The Circle of Doing is multifaceted and multi-interpretable, which is shown by the diversity and flexibility of the model. The generic qualities of the model are very important for the wide operability of it. Florian emphasizes this generic aspect: "The circle is a model that can, in principle, be applied to any form of research. Its virtue is that it makes basic components of research explicit and shows their interconnectedness. In art and design practice-based research, there is no boundary between research and making. Research and experimentation are woven into this practice so that you cannot really separate them. This is reflected in the circle model, too."The interconnectivity of the different components within the model was one of the most important aspects that was considered during the design process. Designer Harma says that she translated this aspect of interconnectivity into the model by using soft, round and transparent shapes: “The dotted lines need to show that there are no hard boundaries between the research components, everything is connected and often there is overlap. I tried to show the flexibility and dynamics of a research process. All components are influencing each other and the circle and spinner ‘turn’ and show new connections. The boundaries are not strict since a research process is not linear but rather fluid.”
A conversation piece
The circle was designed to be a conversation piece; a tool that can be used to shape and guide conversations and reflections about doing research. The idea is that it both facilitates and improves communication between tutors and students. “The visual aspect of this model explains a lot already. I noticed that a lot of people, both tutors and students, immediately recognized some elements and saw the connections between them. It clearly resonated with them, which makes it way easier to start a conversation. Art students and tutors are often very visually focused, which makes this a great tool within our education system,” says Harma. This underwrites the importance of a research model that not only holds a theory but is also translated in a visual form. “There are so many ways to start a conversation and spread information and I think our talents as artists and designers, is that we have the ability to create visual products that tell a story. Why not use that ability to help us create?", says Harma.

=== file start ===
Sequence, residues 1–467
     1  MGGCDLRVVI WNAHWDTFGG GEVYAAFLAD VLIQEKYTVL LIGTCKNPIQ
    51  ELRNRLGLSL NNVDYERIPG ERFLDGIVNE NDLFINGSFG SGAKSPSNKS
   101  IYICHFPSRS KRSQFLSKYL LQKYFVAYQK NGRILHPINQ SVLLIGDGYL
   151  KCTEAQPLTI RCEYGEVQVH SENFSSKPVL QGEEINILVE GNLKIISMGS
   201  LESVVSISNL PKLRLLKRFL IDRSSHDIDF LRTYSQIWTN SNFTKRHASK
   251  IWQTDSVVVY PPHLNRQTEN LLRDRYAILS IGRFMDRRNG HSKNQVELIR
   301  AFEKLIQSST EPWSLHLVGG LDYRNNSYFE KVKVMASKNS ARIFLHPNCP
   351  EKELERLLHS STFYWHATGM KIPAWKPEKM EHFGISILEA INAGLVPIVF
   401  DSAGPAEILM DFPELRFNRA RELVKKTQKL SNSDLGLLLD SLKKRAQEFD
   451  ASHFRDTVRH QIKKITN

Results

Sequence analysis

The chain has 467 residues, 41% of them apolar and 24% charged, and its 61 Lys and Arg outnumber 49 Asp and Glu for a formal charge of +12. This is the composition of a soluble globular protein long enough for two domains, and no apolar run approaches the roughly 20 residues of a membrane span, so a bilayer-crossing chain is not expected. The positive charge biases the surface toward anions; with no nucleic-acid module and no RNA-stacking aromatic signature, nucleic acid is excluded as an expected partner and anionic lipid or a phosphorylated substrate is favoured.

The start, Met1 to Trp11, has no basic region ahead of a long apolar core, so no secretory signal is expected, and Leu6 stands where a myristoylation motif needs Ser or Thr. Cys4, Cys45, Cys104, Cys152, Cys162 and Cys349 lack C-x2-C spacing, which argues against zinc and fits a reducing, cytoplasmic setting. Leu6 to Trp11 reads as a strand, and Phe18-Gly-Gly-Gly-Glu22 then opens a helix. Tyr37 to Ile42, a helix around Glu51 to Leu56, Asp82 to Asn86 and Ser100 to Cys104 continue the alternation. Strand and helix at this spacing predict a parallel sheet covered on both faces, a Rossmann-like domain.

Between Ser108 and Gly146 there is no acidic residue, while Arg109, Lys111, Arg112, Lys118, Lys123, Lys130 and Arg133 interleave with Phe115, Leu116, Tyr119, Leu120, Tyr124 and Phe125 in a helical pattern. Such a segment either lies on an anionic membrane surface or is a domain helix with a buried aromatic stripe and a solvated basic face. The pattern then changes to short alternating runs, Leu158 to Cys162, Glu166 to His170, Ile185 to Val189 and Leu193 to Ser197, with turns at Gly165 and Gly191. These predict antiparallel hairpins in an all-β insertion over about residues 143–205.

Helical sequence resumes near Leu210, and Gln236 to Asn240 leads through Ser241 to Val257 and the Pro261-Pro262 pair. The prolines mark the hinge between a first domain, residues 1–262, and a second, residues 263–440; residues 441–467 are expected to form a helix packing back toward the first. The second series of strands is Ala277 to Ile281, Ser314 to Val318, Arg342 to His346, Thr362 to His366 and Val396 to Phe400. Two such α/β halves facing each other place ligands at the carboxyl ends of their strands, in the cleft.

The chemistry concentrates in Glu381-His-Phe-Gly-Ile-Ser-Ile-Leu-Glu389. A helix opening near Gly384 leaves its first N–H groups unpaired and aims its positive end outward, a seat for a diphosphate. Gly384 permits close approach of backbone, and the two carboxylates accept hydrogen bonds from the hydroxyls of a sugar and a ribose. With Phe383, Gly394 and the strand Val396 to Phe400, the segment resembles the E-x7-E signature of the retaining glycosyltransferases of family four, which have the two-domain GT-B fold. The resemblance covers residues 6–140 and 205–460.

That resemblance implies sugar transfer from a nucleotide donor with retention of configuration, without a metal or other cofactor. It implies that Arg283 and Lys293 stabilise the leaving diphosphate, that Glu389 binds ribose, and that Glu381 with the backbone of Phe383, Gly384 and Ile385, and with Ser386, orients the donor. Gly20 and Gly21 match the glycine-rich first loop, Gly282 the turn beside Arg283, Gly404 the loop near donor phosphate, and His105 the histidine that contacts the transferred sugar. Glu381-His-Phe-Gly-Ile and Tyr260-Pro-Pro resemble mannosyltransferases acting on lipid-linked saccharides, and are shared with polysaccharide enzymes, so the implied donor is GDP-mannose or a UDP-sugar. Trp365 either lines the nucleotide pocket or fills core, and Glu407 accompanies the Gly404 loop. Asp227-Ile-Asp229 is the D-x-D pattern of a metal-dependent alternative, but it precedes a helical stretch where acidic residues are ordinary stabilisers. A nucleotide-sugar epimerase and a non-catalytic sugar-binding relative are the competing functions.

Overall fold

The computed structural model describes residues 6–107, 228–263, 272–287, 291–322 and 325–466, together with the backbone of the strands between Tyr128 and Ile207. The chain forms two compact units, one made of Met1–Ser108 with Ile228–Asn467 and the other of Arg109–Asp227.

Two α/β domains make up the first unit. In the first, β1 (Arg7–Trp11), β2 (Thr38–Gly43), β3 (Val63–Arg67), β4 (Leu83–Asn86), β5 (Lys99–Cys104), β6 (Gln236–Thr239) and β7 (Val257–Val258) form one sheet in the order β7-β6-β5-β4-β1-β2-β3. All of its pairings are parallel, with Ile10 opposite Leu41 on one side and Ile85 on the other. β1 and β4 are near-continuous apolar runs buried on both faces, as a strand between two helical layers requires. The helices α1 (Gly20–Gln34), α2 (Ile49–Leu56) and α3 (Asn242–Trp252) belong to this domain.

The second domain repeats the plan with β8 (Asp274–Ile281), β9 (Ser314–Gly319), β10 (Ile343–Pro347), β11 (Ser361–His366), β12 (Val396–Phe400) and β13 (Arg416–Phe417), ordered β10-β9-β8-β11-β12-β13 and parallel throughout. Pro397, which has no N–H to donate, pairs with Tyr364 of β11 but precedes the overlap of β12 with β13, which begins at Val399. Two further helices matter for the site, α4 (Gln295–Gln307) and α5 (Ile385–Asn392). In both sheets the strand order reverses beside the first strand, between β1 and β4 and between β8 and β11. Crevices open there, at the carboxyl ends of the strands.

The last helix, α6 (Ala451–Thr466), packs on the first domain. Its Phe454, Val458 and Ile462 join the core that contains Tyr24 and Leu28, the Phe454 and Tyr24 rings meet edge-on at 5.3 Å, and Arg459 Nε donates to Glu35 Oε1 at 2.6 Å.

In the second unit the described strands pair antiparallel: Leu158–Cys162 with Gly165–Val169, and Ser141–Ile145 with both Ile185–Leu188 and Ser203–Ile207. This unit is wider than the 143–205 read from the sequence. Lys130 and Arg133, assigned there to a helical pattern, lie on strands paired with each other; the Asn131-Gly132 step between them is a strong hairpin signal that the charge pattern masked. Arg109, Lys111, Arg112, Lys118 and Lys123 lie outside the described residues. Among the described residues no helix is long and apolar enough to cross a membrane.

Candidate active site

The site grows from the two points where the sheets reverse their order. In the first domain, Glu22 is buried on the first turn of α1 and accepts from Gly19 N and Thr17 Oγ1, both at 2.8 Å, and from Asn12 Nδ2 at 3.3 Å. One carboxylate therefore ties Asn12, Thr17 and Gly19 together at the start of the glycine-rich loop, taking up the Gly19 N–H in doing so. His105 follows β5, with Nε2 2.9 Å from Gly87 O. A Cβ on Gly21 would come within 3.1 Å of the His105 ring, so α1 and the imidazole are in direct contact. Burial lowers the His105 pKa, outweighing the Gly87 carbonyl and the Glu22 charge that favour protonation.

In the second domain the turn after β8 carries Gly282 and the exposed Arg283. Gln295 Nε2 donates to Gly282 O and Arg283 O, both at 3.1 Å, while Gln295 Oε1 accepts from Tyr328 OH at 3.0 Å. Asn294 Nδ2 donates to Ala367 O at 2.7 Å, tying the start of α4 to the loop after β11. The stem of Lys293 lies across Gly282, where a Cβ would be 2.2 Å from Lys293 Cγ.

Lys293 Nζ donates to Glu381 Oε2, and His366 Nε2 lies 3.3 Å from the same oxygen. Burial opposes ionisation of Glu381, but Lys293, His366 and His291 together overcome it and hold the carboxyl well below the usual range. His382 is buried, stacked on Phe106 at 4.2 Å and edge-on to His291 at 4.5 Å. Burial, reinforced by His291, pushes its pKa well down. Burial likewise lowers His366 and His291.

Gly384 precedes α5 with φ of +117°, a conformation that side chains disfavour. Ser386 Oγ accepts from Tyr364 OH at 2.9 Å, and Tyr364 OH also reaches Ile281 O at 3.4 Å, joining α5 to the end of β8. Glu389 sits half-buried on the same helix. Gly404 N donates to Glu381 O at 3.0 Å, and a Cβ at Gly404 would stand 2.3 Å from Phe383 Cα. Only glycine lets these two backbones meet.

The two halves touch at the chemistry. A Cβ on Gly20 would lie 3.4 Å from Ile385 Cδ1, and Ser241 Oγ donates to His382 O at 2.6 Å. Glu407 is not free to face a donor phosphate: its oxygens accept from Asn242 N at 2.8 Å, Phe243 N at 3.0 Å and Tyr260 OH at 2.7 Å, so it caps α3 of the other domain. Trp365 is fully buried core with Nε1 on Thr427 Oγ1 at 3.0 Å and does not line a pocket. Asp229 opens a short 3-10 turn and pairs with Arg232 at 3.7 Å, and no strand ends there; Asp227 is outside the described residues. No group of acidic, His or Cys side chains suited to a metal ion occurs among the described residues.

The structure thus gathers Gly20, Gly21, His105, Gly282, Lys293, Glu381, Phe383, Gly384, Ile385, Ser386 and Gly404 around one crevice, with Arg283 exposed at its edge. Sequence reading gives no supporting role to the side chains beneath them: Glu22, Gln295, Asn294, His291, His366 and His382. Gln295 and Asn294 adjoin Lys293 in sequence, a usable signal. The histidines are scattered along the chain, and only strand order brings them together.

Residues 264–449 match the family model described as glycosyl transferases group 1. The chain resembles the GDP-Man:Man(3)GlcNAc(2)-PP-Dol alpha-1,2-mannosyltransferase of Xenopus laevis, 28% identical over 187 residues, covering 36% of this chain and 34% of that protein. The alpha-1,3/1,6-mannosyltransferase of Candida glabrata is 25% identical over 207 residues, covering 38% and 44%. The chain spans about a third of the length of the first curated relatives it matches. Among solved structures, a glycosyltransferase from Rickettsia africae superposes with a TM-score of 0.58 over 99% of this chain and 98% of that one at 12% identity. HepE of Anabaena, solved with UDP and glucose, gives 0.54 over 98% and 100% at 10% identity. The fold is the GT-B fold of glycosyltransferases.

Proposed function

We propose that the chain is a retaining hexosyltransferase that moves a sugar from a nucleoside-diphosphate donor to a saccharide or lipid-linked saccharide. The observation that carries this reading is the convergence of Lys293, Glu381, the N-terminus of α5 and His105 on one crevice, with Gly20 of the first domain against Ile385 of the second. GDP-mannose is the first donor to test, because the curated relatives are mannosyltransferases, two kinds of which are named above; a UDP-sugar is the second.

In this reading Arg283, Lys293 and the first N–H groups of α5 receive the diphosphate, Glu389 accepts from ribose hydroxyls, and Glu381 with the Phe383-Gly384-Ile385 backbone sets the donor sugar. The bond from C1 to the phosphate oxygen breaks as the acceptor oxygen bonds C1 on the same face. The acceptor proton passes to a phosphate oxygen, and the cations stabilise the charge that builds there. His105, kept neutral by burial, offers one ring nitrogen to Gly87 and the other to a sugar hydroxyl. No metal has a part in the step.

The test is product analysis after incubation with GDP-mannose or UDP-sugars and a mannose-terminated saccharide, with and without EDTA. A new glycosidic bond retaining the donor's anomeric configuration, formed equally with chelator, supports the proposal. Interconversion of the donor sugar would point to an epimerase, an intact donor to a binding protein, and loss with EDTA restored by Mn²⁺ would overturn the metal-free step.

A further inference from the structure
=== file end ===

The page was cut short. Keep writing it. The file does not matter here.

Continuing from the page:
Testing by doing
Currently, the model is being tested in practice by hosting crash courses for first years and graduation kick-offs with fourth years. The crash courses are being organized by the research station in collaboration with the major department, to make sure the course is carefully connected to the programme. “To us, it is very important that this the model will be integrated throughout the study programme so that it truly has an impact on the students”, states Jojanneke. The crash course consists out of a general introduction of the Circle of Doing Research and is followed by a guest lecture by a recent graduate of that specific major, who will tell the students about their research process during their graduation project. By doing that, the theory of the model can be connected to the reality of doing research.
Currently the focus lies on testing, reflecting, and implementing the model together with all departments. The idea is that the model eventually will be implemented throughout all four years of each programme so that it can support all students throughout their artistic development at WdKA.
One of our student podcast hosts, Zuzanna Klimkiewicz, who hosts the podcast ‘Student Life,’ visited one of these crash courses and recorded a podcast afterward that contains her insights about doing research but also includes experiences of first-year students after the crash course and a conversation about research and graduation with two alumni: Sadie Girigorie and Julia Gat. You can listen to the episode via this link.
Student Life Podcast: Research Special
Do you want to learn more about the different elements of the Circle of Doing Research? Visit this page.